A 2016 report by Dr. David Chambers, an internationally renowned geophysicist, found key recommendations by the expert panel into the Mount Polley disaster had been ignored or not implemented in a way to significantly reduce the risk of tailings dam breaches in both existing and planned structures.

In particular, B.C. does not put safety first when it comes to mine tailings design, construction, operation and closure. While the Mount Polley Expert Panel recommended that BC update its guidelines to emphasize protecting public safety, it continues to make safety only one of many considerations in establishing a risk category for TSFs. B.C.’s Mine Audits Unit recently audited the tailings regulator updates made in 2016, and found the Ministry of Energy, Mines and Low Carbon Innovation was “inconsistent in its approach”, had “vague language” and lacked enforcement.

In July 2020, a report by the B.C. First Nations Energy and Mining Council (FNEMC) found that while some changes had been made to B.C. mine legislation following the Mount Polley disaster, significant reforms were still needed to ensure the health and safety of dozens of First Nations and non-First Nation communities living downstream of existing or planned tailings dams.

In northern B.C.,at least 12 new mines have been proposed or are already under construction. One of them, theKSM Mine, could be the largest open pit gold and copper mine in North America. Its proposed tailings dam – 28 times the volume of Mount Polley’s – could be behind a239-metre high dam towering over the salmon-rich Bell Irving/Nass watershed.

The owners of Copper Mountain mine in southern B.C. want to expand operations and raise the current tailings dam from 150 metres to 260 metres – 220 metres higher than the Mount Polley dam and higher than Vancouver’s tallest skyscraper. 

Nearly two years after passing the Declaration on the Rights of Indigenous Peoples Actwhich was meant toadvance a path forward to true reconciliation and uphold Indigenous rights, the B.C. government has done virtually nothing to implement it. Mining is not even mentioned the government’s draft action plan for the implementation of DRIPA, and mining operations continue to override the rights of Indigenous communities across B.C. See examples herehere, and here.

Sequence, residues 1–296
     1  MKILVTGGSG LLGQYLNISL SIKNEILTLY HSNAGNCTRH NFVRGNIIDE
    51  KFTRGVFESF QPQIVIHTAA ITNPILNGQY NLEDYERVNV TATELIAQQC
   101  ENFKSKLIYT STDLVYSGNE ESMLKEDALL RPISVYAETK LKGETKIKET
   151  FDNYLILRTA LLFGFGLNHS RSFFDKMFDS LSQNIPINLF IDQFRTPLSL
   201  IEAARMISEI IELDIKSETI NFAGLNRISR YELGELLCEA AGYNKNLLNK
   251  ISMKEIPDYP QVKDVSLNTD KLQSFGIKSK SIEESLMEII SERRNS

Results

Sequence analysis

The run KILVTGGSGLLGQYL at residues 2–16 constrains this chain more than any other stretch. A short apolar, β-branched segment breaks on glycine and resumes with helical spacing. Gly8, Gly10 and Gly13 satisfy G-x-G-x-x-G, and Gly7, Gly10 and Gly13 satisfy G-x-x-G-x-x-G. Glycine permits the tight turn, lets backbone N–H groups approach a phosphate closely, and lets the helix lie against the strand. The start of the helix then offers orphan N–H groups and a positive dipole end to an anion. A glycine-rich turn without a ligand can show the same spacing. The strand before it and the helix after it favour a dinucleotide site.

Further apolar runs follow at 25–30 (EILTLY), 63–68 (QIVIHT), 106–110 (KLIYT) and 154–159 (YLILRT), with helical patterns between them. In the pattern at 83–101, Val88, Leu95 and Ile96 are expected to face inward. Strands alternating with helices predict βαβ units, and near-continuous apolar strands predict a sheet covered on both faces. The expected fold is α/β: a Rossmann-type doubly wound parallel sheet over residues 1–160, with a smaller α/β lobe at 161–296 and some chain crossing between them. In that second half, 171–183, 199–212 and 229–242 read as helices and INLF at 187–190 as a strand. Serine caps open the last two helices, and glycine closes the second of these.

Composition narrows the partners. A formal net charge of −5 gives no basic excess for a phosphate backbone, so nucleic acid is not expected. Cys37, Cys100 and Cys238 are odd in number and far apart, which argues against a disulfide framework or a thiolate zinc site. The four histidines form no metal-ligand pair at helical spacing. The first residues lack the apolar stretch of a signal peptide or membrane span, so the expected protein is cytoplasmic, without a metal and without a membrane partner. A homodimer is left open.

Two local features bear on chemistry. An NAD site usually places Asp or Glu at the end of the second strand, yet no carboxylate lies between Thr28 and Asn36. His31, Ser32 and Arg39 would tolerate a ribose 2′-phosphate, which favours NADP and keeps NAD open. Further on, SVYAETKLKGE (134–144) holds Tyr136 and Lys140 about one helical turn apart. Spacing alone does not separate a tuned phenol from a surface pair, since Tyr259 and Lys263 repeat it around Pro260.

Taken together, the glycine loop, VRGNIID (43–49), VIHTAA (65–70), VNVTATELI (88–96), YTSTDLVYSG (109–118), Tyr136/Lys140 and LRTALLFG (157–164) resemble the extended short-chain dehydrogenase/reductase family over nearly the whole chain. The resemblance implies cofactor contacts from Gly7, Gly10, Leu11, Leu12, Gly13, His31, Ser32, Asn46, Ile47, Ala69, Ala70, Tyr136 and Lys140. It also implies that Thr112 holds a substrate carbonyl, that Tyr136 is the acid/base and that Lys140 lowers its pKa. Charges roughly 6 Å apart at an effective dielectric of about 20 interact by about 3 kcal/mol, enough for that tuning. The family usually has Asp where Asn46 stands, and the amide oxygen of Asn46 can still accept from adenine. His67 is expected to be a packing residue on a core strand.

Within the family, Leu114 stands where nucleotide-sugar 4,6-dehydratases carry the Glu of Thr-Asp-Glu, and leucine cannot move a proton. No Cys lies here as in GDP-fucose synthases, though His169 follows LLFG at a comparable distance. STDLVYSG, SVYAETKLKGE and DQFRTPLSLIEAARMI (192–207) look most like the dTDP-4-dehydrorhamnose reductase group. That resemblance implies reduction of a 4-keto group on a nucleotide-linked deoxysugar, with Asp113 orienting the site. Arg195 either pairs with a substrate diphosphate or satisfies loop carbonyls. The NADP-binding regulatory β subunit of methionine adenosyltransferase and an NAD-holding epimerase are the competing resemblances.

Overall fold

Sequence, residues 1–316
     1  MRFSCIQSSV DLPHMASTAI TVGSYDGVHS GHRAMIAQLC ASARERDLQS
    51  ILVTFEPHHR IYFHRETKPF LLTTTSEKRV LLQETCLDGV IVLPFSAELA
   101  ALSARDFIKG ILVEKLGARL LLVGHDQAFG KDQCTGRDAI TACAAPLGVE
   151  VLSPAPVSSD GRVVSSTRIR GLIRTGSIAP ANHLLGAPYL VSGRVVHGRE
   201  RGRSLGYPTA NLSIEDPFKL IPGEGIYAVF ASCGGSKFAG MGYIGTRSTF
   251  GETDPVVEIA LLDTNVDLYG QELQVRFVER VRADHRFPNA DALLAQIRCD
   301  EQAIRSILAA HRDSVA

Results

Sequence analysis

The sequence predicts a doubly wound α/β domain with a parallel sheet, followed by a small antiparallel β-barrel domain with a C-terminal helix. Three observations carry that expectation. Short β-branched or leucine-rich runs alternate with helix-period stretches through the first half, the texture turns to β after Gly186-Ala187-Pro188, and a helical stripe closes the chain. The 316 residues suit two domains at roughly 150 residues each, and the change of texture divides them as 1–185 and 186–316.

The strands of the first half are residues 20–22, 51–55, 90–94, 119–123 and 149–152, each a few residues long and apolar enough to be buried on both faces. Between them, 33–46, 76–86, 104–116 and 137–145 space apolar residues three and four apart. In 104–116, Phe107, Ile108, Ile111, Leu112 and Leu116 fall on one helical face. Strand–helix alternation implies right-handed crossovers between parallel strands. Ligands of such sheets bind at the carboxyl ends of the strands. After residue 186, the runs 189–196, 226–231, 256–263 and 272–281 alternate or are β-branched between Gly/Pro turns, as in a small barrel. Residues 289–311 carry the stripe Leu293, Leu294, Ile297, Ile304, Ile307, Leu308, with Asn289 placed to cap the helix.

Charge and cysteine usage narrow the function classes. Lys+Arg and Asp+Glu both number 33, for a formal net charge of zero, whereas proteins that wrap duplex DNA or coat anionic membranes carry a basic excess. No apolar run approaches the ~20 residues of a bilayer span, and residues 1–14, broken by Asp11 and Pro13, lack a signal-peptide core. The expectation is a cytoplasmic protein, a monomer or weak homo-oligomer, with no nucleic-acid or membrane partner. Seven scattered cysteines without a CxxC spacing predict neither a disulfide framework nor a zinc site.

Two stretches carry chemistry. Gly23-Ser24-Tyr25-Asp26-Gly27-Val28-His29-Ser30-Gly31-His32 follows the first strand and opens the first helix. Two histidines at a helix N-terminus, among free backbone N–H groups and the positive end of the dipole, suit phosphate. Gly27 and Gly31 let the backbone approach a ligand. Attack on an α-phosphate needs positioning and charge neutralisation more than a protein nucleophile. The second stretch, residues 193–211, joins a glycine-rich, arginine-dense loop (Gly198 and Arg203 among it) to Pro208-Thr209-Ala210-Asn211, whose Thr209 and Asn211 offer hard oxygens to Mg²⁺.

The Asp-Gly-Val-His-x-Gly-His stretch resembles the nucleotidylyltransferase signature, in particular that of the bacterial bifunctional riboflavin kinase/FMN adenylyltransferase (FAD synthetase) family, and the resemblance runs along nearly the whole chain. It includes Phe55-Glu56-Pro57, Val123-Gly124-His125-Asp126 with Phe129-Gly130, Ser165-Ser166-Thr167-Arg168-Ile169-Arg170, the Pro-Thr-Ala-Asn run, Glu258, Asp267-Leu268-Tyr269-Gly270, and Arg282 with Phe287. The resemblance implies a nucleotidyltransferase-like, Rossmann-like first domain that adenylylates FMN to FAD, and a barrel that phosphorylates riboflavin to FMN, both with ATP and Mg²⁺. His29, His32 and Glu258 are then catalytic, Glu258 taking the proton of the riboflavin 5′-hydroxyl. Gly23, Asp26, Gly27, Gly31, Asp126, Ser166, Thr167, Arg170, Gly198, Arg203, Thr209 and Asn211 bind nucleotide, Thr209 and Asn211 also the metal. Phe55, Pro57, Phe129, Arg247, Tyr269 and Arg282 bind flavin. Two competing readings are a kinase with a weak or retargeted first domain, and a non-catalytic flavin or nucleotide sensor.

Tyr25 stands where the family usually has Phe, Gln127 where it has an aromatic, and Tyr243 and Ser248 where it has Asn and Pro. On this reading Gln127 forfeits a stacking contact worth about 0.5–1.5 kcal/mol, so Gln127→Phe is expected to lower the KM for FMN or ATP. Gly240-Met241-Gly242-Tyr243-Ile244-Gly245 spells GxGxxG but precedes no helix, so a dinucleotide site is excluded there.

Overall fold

Calls for the B.C. government to take action to improve mine safety are getting increasingly louder with Indigenous leaders and communities in Canada and the U.S. along with governors and lawmakers in neighbouring U.S. states become increasing concerned about the dangers posed to communities and the environment. See examples here, here, here, hereherehere and here.

Concerns are growing because B.C. is in the midst of a mining boom. The latest annual British Columbia Mineral and Coal Exploration Surveyfinds that exploration spending across the province increased by 28 per cent year-over-year to $422-million — just short of the highs experienced in 2011 and 2013. And B.C. is wanting to position itself to be a key mineral supplier in the clean energy revolution.


Concerned Citizens of Quesnel Lake:

BC Mining Law Reform Network:

First Nations Energy and Mining Council:

Mount Polley video:

Amnesty International Canada: